Bringing food from the farm to the school is the crux of farm to school! There are many methods for getting local food into school cafeterias. Remember that whether you work through your distributor, use geographic preference, or another method, you always have to abide by USDA regulations.

Our guide is the most comprehensive look at procurement options in Georgia, including examples from 13 Georgia school districts.

Georgia Local Food Procurement Guide for Child Nutrition Programs

Getting Started with Local Procurement

These documents will give you an overview of the options for making local purchases.

Find Farms


Finding farms from which to buy is one of the first steps to local procurement. We have a lot of great tools in Georgia to help you find food producers in your area. To help you make connections, check out our Tips for Working with Farmers.

In addition to searching those databases for farms, you can find food producers in your community by connecting with folks who work with farmers every day. They can help point you in the right direction!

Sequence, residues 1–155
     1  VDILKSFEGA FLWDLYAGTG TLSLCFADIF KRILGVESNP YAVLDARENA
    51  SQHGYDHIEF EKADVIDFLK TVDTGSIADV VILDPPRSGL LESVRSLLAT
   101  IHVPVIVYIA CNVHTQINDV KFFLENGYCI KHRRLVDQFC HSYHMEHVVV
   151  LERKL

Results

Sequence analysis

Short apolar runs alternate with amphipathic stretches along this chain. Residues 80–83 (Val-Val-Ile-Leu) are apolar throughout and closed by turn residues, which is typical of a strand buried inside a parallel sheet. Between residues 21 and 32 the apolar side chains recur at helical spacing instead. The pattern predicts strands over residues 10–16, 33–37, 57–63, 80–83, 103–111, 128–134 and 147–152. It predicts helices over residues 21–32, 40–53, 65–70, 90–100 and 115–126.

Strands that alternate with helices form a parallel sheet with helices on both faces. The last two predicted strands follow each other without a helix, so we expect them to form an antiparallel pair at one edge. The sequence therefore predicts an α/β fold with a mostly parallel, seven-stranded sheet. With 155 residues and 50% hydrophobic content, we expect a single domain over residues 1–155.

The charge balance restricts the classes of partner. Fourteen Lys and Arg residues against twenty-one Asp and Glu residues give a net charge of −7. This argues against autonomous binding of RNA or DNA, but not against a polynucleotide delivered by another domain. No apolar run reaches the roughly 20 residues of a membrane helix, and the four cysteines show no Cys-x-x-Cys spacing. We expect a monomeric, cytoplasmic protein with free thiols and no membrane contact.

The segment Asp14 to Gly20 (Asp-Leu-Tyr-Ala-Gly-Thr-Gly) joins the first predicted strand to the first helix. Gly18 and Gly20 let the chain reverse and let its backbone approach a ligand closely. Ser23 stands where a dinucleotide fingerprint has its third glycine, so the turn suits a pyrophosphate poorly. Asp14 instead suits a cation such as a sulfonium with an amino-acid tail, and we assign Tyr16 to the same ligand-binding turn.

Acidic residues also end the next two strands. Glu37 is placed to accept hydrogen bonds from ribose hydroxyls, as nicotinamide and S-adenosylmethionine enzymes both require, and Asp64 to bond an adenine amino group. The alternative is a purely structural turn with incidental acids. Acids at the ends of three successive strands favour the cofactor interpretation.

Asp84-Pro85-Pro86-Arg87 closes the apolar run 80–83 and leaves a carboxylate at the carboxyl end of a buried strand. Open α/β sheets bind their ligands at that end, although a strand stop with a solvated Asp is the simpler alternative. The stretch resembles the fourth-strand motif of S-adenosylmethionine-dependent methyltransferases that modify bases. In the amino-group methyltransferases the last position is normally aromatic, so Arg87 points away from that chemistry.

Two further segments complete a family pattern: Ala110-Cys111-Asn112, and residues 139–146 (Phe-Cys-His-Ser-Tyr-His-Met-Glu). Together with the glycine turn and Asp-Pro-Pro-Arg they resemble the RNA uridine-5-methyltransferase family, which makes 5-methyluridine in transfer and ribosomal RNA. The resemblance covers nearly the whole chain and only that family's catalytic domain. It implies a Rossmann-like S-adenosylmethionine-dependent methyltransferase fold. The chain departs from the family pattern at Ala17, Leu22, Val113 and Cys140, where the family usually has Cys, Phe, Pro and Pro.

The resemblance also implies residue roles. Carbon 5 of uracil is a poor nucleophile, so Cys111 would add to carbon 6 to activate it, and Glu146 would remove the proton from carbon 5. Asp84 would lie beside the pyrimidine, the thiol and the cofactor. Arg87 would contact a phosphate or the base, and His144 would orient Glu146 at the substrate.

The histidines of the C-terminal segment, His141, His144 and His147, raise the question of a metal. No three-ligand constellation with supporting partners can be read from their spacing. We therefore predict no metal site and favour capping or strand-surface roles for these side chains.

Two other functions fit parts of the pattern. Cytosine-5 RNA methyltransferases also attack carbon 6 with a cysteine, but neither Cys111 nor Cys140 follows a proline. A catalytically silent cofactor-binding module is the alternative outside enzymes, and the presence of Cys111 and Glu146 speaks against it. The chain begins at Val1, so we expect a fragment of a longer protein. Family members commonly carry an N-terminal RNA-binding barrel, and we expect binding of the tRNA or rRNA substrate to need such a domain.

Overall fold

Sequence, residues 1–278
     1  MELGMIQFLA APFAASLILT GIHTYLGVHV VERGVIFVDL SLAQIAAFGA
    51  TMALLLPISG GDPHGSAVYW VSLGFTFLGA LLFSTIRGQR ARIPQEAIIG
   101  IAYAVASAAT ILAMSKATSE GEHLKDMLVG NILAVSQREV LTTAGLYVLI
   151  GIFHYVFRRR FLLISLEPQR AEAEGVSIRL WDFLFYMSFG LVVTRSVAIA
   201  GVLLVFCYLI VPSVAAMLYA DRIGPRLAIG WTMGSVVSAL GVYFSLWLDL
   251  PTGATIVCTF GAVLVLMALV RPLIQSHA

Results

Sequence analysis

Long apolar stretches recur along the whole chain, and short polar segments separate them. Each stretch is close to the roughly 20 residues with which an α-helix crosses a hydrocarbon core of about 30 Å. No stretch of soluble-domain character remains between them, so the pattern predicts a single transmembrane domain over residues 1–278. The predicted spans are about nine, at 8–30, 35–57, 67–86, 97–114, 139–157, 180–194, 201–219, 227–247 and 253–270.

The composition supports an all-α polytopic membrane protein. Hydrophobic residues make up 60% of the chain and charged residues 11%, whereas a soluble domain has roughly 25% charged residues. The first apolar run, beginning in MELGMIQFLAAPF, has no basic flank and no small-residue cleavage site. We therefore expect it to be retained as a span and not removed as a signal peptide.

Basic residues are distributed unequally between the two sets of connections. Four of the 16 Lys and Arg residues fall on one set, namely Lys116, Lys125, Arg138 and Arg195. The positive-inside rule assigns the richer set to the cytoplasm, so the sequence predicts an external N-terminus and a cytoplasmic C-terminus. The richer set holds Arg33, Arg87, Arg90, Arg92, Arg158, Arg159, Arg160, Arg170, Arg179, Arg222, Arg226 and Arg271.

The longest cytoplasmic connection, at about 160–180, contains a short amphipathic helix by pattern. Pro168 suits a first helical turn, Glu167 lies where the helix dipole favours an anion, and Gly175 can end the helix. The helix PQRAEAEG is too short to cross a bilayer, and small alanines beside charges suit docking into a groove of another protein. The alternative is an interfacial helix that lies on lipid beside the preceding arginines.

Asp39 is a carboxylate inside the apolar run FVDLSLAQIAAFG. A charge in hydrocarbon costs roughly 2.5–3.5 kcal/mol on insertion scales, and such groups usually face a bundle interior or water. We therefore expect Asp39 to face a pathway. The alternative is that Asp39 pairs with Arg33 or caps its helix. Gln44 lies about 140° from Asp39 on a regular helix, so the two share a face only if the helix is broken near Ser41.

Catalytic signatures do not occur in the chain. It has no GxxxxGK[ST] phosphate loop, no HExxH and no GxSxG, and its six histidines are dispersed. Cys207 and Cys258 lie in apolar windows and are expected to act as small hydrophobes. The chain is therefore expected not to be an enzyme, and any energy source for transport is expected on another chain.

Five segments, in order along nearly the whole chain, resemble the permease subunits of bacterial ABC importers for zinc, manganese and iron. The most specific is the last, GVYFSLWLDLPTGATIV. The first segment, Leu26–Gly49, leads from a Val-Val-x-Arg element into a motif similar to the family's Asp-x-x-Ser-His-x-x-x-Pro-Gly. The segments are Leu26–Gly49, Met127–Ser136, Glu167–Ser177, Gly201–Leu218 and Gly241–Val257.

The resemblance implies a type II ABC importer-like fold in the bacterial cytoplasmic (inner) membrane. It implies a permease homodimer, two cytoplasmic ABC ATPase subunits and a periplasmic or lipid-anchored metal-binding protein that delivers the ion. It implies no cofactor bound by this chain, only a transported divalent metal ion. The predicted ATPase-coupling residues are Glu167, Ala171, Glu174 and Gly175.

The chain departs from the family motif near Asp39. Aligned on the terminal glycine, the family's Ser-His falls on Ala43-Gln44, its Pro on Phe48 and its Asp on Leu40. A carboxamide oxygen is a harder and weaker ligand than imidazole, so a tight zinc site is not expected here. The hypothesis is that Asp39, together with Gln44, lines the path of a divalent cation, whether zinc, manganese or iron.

• UGA Cooperative Extension
  • USDA Farm Service Agency
  • Georgia Farm Bureau
  • Farmers Markets: Visiting your local farmers market is a great way to find a lot of growers all in one place and start conversations with them. They may be growing on a larger scale and can support a school district.
  • Food Hubs:  Food Hubs are popping up more and more and, as aggregators of local products, will know lots of farmers.
  • Producer Associations: These groups represent a specific industry and support a specific product. Talking to a producer association is especially useful if you are looking for a specific product (i.e.: Blueberries).

Local Procurement Methods

These documents go more in-depth about certain local procurement strategies.

Local Procurement Working Directly with Farms

Local Procurement Through a Distributor

Geographic Preference

Tips for Farmers Sourcing to Schools


Tracking Local Purchases

Other Ideas for Local Procurement